On parenting as an art of improvisation

"Parenting, like walking in the desert, is a meandering art of improvisation. The adventure never turns out quite as we planned it, the inner and outer weather remain unpredictable. We are in sympathy but never in control. We take conditions as we find them, putting one foot in front of the other as we navigate a topography of uncertainty, trying to make the most of each day’s pilgrimage back to the heart and to the land. We carry water toward our lovely garden, but end up using it to put out a fire. We set out for the spring but follow pronghorn tracks instead, intend to witness the rise of the crescent moon but are drawn to the huddled glow of the Pleiades. We search for ways to reshape our experiences into narrative, to transform a shared life into a story that can be given to our children, mapped onto the high, dry landscape of their only home.

In this wide open desert there are no trails, which is to say that any route you choose becomes a trail only as it is walked, becomes a story only as it is told. Before our children can fully engage the world they must first learn to walk. As a father I am still exploring the hard beauty of this wild landscape, learning slowly, with the help of my family, how to walk with and within it."

On birth

"Under the pressure of the suction the baby’s skull distended so as to resemble the attenuated, aerodynamic teardrop shape of a bicycle racer’s helmet, and I confess that in that moment I was more frightened than ecstatic. I’m not squeamish, but a close inspection of the scene from my necessarily limited male point of view had momentarily convinced me that the much vaunted miracle of birth was in fact a terrifying mess. The sheer animal physicality of human birth was unexpected and startling, thrilling but also deeply disconcerting."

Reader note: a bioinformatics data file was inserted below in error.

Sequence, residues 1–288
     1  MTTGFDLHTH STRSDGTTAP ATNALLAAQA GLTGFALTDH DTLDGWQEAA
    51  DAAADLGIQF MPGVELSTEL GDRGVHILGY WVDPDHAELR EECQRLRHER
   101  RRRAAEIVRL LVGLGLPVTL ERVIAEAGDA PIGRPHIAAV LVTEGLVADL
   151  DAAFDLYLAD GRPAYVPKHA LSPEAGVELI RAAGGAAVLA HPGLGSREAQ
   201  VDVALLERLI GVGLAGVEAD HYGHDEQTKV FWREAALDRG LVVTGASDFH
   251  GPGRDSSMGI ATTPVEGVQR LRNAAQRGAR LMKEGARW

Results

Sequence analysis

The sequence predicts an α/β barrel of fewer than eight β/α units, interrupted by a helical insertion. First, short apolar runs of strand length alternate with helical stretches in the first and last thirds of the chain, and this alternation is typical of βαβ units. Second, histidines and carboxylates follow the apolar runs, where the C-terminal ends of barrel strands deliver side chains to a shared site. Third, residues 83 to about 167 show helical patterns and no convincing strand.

On humility

"In allowing myself to believe that the replanted and rearmored garden was impenetrable, I had foolishly ignored one of the basic principles of fatherhood, a principle so fundamental that it belongs with such core insights as 'The only people who like change are babies in diapers' or 'When your kid tells you to cover your eyes, do it with one hand and cover your nuts with the other.' Humility is the alpha and omega of both parenting and gardening. I had failed to be humble, and in failing to be humble I was now humbled by failure."

On timeless classics

"As the father of young daughters, I have been subjected—wholly against my will—to musicals too numerous and nauseating to be enumerated. The most frequently repeated of these abominations is the much-beloved 1965 'timeless classic' The Sound of Music, whose perennial popularity confirms every curmudgeonly thing I’ve ever said or written about my fellow human beings."

On crisis and safety

"I’ve called parenting an art of improvisation. Much of the ad-libbing we do involves telling our children that everything is going to be fine when we haven’t the slightest idea whether it will be fine or not. This 'fake it ’til you make it/ aspect of being a parent is imperative, because nothing is more important to a child than reassurance. But the poignancy of our sanguine assertions of security weighs more heavily on me than it once did, because my sense of our perpetual vulnerability is now so visceral. How are we to assure our children that we can keep them safe in a world of perils when there is so much evidence to the contrary? Eryn told the girls that 'Dad always knows what to do,' and it was exactly the right thing for her to have told them in that moment of crisis. But Dad did not have everything under control. Far from it. I was being humbled by the unbridled wildness of fire."